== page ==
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28 of 28 people found the following review helpful
5.0 out of 5 stars Excellent Summary of A3 Thinking, May 11, 2008
This review is from: Understanding A3 Thinking: A Critical Component of Toyota's PDCA Management System (Hardcover)
I finally got my copy of this book in the mail last week. I guess it is sold out and hard to obtain at any site. I'm glad to finally have mine. Given some of the comments above I'm guessing there was either a delay at the publishers or they simply did not anticipate all the demand. I did finally get mine however...

Regardless I am please to note that this book is an excellent summary of A3 Thinking. I've had some exposure to the topic in the past and always been left wanting more. This finally gets at a lot of questions I had about the concept. If you have ever wanted to learn what an A3 report is and more importantly the thought process behind one then this is the best place to start that I know of. The print is a little small and the text is 164 pages I think the 184 page figure comes from including the other pages in the foreword, acknowledgements, and introduction sections etc. However there is no shortage of good information inside. I zipped through it over the weekend and got some great insights right away.

The contents of the book include the following eight chapters. Each is roughly about 20 pages in length.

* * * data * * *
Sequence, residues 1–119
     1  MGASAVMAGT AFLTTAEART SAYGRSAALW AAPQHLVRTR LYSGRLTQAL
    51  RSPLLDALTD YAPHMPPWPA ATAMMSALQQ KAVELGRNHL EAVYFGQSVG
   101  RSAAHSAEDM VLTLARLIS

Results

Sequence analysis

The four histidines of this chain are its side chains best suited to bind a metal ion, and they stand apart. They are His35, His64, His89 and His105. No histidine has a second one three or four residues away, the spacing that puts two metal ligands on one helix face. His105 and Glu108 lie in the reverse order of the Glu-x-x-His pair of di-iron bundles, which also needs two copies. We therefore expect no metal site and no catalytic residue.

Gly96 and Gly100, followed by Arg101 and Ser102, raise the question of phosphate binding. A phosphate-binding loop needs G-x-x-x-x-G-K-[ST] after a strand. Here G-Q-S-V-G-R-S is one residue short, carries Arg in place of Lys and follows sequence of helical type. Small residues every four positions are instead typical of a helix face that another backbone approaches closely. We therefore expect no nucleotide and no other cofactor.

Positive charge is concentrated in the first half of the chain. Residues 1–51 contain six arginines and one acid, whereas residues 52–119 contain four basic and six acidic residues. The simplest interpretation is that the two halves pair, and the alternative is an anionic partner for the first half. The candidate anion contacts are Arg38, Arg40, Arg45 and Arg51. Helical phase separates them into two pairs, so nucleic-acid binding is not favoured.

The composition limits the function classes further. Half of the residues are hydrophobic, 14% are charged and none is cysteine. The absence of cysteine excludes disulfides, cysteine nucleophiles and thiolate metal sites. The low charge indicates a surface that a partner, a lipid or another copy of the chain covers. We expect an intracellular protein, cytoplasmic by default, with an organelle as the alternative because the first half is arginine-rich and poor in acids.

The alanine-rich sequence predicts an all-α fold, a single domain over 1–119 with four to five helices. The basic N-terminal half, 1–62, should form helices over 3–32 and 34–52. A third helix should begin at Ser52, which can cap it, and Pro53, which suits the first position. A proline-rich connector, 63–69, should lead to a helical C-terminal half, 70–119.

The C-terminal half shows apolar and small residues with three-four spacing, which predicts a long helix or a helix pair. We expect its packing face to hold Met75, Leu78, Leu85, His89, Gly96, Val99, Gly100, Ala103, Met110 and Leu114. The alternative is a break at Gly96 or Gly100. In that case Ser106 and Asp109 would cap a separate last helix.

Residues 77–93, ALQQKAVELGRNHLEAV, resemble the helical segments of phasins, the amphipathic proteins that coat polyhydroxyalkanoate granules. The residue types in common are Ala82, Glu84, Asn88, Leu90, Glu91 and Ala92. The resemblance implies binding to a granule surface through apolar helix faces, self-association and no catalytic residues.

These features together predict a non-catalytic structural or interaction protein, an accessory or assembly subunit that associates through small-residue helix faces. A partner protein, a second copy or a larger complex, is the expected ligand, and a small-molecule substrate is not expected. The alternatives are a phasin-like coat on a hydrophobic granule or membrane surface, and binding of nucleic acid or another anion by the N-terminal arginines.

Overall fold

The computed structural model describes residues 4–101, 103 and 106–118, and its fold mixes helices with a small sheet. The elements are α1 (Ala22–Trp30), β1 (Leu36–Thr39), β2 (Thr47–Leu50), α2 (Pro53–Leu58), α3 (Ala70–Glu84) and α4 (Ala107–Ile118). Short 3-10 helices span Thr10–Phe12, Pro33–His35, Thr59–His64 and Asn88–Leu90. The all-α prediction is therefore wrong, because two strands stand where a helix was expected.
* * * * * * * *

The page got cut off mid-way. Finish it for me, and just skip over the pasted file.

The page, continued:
1. A Basis for Managerial Effectiveness
2. A3 Thinking - the Seven Elements
3. The Problem Solving A3 Report
4. The Proposal A3 Report
5. The Status A3 Report
6. Notes on Form and Style
7. Supporting Structures
8. Conclusion

I thought the second chapter on the seven elements A3 Thinking was particularly insightful and appreciated the advice on the different types of examples as well. The book is both a good "what is" summary of the topic and contains some very practical advice about "how to" write different types. Equally importantly for me at least it included some insight on how to critique A3's as well. I give the work five stars as it fills a void in the lean literature in a very readable manner.
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20 of 20 people found the following review helpful
5.0 out of 5 stars Good A3 Reference Book, February 14, 2009
By 
William C. Zeeb (Geneva Switzerland) - See all my reviews
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This review is from: Understanding A3 Thinking: A Critical Component of Toyota's PDCA Management System (Hardcover)
Outstanding reference work of the logic and mechanics of creating A3's. Covered are 3 variants: 1) Problem Solving A3's, 2) Proposal A3's, and 3) Status A3's.

The authors present a refreshingly pragmatic approach to helping improvement teams and leaders to drive communication, scientific method thinking and organizational alignment for improvement. Clearly building on the A3 heritage of Toyota...the focus is on the thought process and not on one correct format. " ...like snowflakes, no two A3's are alike."

Six Sigma professionals will recognize many elements (both existing and omitted) of DMAIC thinking in the PDCA format of the A3. For today's challenging business cycle, the A3 approach can offer faster, less bureaucratic results, building on more frequent cycles of learning through revision than DMAIC.

This book is valuable for beginners as well as veteran Six Sigma professionals looking to make the transition from DMAIC to A3 thinking.

The case studies included in the book provide an outstanding opportunity to test your understanding and gain initial cycles of learning with A3's writing and reviewing.